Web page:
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Looking at yesterday, according to Google Analytics, I got six direct visitors to my site (their source/medium is direct/(none)). Only one ended up at the actual domain. The other five ended up at miscellaneous foo.com/xyz.html. I did not send out links to people by email, and I'm not sure how likely it is the people would have copy/pasted the URLs.

How do the visitors end up there? Is there a way to better capture where they might be coming from?

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up vote 6 down vote accepted

It basically means these requests are missing the http referrer header. There are several reasons why that would be the case -

  1. A https page has a link to your website, and the user follows that link. Browsers don't send the referrer in case of a https -> http transition. A simple case is a search engine accessed via https.
  2. They are behind some kind of proxy that strips out referrer headers, or they have deliberately installed a browser plugin to do that.
  3. Someone is trying to scrape your website using a custom program (not browser), and is not sending the http referrer.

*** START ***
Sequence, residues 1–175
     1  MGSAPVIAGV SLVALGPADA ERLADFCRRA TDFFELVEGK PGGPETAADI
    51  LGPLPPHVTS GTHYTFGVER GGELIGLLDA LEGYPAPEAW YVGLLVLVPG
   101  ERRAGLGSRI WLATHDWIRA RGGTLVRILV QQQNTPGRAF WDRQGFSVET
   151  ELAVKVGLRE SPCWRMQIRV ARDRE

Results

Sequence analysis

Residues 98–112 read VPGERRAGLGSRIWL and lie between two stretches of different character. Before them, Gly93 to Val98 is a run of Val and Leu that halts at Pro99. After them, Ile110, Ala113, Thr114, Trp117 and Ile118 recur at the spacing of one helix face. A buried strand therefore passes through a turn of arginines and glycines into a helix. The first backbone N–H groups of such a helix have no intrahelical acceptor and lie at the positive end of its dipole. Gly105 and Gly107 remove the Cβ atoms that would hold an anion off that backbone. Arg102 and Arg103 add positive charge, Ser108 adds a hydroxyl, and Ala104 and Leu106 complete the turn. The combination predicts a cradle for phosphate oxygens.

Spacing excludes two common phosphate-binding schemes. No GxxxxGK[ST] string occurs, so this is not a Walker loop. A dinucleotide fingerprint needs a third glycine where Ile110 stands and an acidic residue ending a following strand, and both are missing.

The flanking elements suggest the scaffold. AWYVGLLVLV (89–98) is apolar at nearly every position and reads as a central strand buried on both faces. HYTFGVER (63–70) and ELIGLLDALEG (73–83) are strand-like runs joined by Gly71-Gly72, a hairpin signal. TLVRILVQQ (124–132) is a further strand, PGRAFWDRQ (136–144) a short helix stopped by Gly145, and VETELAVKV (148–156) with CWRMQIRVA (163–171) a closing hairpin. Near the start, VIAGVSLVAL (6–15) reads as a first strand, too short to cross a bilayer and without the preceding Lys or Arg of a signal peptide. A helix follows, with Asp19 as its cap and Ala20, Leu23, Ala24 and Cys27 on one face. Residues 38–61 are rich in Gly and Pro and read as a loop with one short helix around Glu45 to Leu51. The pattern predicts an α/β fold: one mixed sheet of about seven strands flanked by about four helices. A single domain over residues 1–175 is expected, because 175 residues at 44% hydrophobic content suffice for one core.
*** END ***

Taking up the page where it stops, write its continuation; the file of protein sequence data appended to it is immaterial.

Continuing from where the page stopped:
6 requests is a very small number. If you see several hundreds of requests, you could try to co-relate and find out more information. Otherwise, there is no definite answer.

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Okay, I think the HTTPS sounds the likeliest (most of the traffic is pretty local to people I know). Is it possible that I would get both traffic attributed to Facebook, and not, based on the type of login (HTTP/HTTPS) that users are using? (The 6 is over 2 days, or 15 of 26 visitors week, 1 of whom went to the root.) – mfg Mar 14 '11 at 18:00
@mfg - I didn't understand your question. What do you mean by attributed to "facebook and not"? – Sripathi Krishnan Mar 14 '11 at 18:20
@Sripathi - mfg wants to know whether Facebook may be sending traffic to the site from both HTTP and HTTPS sources (Facebook-specific question). Just tested and it does appear Facebook links out from both HTTP and HTTPS contexts. – danlefree Mar 14 '11 at 18:54
The only way you can influence the browser is by making your website https enabled. A https -> https transition preserves the referrer header. – Sripathi Krishnan Mar 14 '11 at 19:06
+1. This is an excellent answer. Worth including: Non-web sources, like mobile or desktop apps. – Yahel Mar 14 '11 at 20:13

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